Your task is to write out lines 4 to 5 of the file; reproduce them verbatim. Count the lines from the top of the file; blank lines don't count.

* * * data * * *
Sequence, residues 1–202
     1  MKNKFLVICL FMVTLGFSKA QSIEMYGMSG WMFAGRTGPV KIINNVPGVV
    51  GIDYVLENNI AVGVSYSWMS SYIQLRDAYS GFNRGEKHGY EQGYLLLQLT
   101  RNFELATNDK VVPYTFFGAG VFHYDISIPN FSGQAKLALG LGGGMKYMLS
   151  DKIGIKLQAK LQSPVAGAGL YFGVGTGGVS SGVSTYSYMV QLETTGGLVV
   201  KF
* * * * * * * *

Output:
   101  RNFELATNDK VVPYTFFGAG VFHYDISIPN FSGQAKLALG LGGGMKYMLS
   151  DKIGIKLQAK LQSPVAGAGL YFGVGTGGVS SGVSTYSYMV QLETTGGLVV